A Greek Orthodox priest awaits an evening service on Corfu. Sargent painted 'Vespers' there on a visit in the autumn of 1909. As he grew older Sargent abandoned the showy society portraits of his youth. He preferred intimate landscapes and townscapes, usually in watercolour.The technique of this oil painting imitates watercolour methods. The composition is informal, with the priest placed in a corner, his figure cut off below his waist. The priest was added last, over the completed scene. Sargent exhibited and sold this painting at London’s Royal Academy the following summer.


  • Title: Vespers
  • Creator: John Singer Sargent
  • Date Created: 1909
  • tag / style: John Singer Sargent; landscape; Corfu; Greek Orthodox Priest; Vespers; atmospheric; hat; columns; architecture
  • Physical Dimensions: w915 x h710 cm (Without frame)
  • Location, painted there: Corfu
  • Artwork History: ‘Vespers’ was owned by Sir Thomas Brock between 1910-1928
  • Artist biographical information: John Singer Sargent was born in Florence to American parents who had left Philadelphia to work and travel in Europe. Sargent grew up speaking four languages and was an excellent pianist with a passion for art and architecture. In 1874 he went to Paris to study art in the studio of Emile Carolus–Duran, who taught his students to paint objects and people under faithfully recorded conditions of light and atmosphere and to lay the paint stroke by stroke without reworking. Sargent also enrolled in the Ecole des Beaux–Arts, the official school of art in Paris. Sargent's early works were inspired by his travels to different parts of Europe, but he later decided to concentrate on portraits of famous people, mainly women. Sargent moved from Paris to London in 1886. He exhibited 'Carnation, Lily, Lily, Rose' (1885–6, Tate Britain) at the Royal Academy exhibition in 1887. The painting proved extremely popular with the British public and was immediately purchased by the nation. However he did not receive many commissions for portraits in England, his main clients being people from his own small social circle. To compensate for his lack of portrait commissions Sargent executed a great number of landscapes during the second half of the 1880s. Sargent's career improved after his trips to America in 1887-8 and 1889-90. On his second trip, and in the course of less than nine months, Sargent completed over 40 portraits. He excelled in portraits of lady sitters, some the wives of powerful bankers or politicians. At the age of 38 Sargent was elected an Associate of the Royal Academy in London, and in 1897 a Royal Academician. Eventually he gave up portrait painting in 1907 despite his enormous success and demand for new work.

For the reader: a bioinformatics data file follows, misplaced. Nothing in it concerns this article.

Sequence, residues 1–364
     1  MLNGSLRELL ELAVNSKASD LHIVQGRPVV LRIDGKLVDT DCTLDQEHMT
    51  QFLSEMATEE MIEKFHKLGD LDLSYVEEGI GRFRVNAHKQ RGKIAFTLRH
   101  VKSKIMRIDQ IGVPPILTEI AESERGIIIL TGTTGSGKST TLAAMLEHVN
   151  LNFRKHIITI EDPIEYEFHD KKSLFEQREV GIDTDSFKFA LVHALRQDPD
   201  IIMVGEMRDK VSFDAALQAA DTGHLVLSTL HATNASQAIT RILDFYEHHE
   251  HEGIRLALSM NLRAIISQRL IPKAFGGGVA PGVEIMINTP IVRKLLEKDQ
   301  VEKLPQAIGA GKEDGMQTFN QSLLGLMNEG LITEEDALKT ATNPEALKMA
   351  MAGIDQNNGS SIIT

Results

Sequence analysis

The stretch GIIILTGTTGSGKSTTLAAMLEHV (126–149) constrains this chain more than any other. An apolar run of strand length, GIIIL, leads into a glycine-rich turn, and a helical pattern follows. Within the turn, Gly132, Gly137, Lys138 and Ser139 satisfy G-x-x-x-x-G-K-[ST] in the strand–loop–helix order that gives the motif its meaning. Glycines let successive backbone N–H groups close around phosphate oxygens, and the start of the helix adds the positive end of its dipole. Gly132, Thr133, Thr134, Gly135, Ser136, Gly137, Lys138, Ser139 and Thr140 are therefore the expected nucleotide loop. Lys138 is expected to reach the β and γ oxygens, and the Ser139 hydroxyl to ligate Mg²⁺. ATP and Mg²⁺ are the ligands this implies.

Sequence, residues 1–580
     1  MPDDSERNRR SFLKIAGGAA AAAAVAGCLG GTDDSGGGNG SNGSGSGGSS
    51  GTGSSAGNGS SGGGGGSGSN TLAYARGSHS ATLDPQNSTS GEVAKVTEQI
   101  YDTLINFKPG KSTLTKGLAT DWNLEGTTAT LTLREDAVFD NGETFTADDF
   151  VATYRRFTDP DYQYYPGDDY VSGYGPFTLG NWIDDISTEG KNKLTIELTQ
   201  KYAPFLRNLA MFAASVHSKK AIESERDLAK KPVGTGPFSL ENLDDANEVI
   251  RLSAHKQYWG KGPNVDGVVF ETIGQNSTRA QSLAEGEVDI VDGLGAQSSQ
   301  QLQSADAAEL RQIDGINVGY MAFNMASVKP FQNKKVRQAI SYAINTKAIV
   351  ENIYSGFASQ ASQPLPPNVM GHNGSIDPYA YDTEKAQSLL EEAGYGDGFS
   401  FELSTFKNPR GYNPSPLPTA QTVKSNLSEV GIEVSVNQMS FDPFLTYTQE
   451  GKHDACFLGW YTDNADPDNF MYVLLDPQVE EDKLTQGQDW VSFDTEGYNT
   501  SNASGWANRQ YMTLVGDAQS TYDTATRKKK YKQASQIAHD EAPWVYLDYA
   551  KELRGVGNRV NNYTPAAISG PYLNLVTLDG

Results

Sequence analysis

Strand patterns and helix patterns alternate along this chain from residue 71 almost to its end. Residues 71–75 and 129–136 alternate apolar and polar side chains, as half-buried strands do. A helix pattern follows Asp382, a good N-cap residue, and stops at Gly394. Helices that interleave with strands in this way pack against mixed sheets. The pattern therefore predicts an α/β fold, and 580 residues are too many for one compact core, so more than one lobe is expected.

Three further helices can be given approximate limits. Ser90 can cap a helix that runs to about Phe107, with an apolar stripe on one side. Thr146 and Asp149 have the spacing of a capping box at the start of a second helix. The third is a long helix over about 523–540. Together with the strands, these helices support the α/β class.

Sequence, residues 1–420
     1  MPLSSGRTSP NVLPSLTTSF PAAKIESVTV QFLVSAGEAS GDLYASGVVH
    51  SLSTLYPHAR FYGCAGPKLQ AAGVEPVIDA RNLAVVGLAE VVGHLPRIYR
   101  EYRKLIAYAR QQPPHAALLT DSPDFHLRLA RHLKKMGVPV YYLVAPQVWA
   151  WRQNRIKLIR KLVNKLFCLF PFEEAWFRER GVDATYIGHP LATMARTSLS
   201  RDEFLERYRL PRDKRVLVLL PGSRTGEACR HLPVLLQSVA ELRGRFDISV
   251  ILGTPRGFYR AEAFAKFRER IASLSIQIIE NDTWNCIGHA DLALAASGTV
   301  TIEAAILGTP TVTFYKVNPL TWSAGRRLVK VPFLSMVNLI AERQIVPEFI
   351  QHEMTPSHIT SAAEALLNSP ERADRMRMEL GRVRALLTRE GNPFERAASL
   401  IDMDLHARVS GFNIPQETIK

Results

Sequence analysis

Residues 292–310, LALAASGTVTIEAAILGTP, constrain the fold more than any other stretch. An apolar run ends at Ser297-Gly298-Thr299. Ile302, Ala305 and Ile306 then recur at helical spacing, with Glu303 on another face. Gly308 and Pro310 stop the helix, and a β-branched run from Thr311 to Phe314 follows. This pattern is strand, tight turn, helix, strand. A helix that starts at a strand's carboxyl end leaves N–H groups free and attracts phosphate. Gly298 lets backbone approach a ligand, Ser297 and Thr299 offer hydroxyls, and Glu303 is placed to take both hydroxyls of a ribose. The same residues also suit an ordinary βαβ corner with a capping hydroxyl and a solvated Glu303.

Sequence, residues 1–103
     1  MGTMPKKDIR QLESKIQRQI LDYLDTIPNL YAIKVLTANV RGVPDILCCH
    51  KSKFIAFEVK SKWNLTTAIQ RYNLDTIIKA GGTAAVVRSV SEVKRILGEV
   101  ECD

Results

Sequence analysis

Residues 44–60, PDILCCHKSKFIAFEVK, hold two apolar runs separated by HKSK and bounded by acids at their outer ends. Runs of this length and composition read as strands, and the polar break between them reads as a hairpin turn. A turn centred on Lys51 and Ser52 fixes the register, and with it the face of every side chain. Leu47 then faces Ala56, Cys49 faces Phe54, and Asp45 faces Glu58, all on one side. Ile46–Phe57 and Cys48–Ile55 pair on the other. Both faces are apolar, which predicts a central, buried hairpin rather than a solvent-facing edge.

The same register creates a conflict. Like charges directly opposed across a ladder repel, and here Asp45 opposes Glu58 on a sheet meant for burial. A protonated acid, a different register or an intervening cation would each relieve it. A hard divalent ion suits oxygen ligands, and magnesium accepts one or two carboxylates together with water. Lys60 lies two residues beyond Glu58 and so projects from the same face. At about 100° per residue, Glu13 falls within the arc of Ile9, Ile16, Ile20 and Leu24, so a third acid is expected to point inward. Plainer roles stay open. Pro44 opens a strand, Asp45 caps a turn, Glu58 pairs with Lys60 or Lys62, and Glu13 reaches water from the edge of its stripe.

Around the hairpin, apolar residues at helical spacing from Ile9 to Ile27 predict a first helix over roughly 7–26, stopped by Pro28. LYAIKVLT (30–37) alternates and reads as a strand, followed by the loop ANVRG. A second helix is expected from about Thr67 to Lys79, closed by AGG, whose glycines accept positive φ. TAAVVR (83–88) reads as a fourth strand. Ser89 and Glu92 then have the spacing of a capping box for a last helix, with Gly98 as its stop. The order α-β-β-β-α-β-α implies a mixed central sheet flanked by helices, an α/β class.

• Additional artwork information: A C R Carter wrote of this landscape, exhibited by Sargent at the 1910 Royal Academy exhibition: “With the temporary secession of Mr Sargent from portraiture to landscape the Academy gains in curiosity what it loses in strength. Manifestly brilliant studies of sunlight, these exercises do not yet take us far on the road which the painter has doubtless planned for himself in the future”. To learn more about this painting and the Walker Art Gallery’s 20th-century collections, please follow this link: http://www.liverpoolmuseums.org.uk/walker/collections/20c/ To learn about ‘On His Holidays’, another painting by Sargent in the collection of National Museums Liverpool (Lady Lever Art Gallery), which was the subject of an ‘Artwork Highlight’ talk in 2004, please follow this link: http://www.liverpoolmuseums.org.uk/picture-of-month/displayPicture.asp?id=166&venue=7
  • Type: Oil on canvas
  • Rights: Presented by George Audley in 1928

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